What is a Demulcent?

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  • Written By: N. Schofield
  • Edited By: A. Joseph
  • Last Modified Date: 03 November 2019
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The term "demulcent" refers to a group of soothing herbs used for medicinal purposes. The word is derived from the Latin word demulcere meaning "to caress." These herbs are commonly used to expedite healing and recovery time and are especially beneficial when employed to treat open wounds. By stimulating immune system response and enhancing the moisture of the entire body, demulcents have potent and recognizable effects.

Demulcents are herbs that contain distinctive mucilage that provides a cooling and hydrating coating that works to reduce inflammation. Demulcent herbs typically are recognized by their gooey and slippery innards. When the herbs are used externally on the skin, they are referred to as emollients. Certain symptoms might call for treatment with either demulcent or emollient herbs, because they mostly benefit areas of the body with soft tissue construction, such as the lungs and skin. Demulcents also are useful for treating conditions that affect the kidneys and the urinary tract and for treating cases of interstitial cystitis.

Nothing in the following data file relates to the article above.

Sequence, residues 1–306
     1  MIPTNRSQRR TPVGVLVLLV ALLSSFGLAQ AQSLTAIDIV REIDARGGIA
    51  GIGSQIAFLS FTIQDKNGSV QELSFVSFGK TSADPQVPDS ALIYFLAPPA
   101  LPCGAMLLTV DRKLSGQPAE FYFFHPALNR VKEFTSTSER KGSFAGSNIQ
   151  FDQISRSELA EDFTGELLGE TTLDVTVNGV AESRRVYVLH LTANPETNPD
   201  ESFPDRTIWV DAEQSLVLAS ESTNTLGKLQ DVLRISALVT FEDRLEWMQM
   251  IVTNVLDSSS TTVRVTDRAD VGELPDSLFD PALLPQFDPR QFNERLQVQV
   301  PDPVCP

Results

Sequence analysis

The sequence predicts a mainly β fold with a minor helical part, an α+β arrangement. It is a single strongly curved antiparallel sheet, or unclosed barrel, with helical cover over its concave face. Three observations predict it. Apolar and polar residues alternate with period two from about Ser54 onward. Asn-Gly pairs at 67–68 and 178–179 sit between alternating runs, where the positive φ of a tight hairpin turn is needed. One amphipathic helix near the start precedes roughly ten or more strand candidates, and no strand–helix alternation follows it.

Further benefits of demulcent herbs include reduction of general irritation in the bowel and sensitivity to gastric juices in the digestive system. This property helps prevent and alleviate colic and diarrhea. These herbs also can be used to regulate painful muscle spasms in the uterus and the bronchial tubes and to soothe any inflammation present in the sinuses, chest and throat.


Three of the most popular demulcents are slippery elm, comfrey and marshmallow. Slippery elm bark is a demulcent that has a very high nutritional content. It has been used as a food paste to help encourage convalescence from any digestive disorders. Comfrey is valued for its use as a demulcent to treat gastric ulcers, colitis and hernias. Marshmallow has a mucilage content of 25 to 35 percent, which contributes to its effectiveness when used as a demulcent to alleviate inflammation of mucus membranes.

Water-based preparations such as teas and body sprays generally are the preferred methods used to employ demulcent herbs because of their inherent moisture and slippery consistency. Poultices and compresses also can be used but generally make a larger mess. Demulcents should be avoided when attempting to treat cases involving excessive mucus or when there is any unwanted fluid or pus, because the hydration delivered by the demulcents will only worsen these conditions.


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